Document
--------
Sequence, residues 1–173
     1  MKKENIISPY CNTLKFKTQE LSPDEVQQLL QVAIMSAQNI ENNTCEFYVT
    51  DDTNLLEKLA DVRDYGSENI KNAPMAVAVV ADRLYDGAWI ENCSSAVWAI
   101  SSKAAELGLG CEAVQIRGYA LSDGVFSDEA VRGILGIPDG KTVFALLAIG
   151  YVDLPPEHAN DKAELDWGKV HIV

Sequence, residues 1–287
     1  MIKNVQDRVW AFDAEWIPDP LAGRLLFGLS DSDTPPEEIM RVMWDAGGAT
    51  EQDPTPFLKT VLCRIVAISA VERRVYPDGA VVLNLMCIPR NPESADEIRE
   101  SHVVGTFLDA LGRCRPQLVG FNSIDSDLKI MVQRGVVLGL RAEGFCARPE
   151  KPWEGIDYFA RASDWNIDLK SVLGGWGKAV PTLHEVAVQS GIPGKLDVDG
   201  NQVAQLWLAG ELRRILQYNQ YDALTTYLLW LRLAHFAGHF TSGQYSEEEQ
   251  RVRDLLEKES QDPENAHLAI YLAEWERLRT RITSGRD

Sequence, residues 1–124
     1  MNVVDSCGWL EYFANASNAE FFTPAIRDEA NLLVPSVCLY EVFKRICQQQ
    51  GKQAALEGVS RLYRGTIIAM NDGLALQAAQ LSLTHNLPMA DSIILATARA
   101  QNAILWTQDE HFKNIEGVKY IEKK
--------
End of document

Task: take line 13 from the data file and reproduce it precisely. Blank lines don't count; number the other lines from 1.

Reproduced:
Sequence, residues 1–124